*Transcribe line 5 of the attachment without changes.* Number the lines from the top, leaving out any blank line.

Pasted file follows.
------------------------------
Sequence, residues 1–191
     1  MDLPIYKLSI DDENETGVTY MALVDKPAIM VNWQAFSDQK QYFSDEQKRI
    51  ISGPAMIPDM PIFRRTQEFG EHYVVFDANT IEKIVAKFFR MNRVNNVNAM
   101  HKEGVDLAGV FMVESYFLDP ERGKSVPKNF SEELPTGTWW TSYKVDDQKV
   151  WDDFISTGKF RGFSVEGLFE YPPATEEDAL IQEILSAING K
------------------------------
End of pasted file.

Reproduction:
   151  WDDFISTGKF RGFSVEGLFE YPPATEEDAL IQEILSAING K